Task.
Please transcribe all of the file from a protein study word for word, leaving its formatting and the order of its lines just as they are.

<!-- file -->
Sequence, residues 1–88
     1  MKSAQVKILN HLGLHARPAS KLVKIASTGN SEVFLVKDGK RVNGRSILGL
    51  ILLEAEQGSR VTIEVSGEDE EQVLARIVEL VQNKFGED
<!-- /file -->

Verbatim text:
Sequence, residues 1–88
     1  MKSAQVKILN HLGLHARPAS KLVKIASTGN SEVFLVKDGK RVNGRSILGL
    51  ILLEAEQGSR VTIEVSGEDE EQVLARIVEL VQNKFGED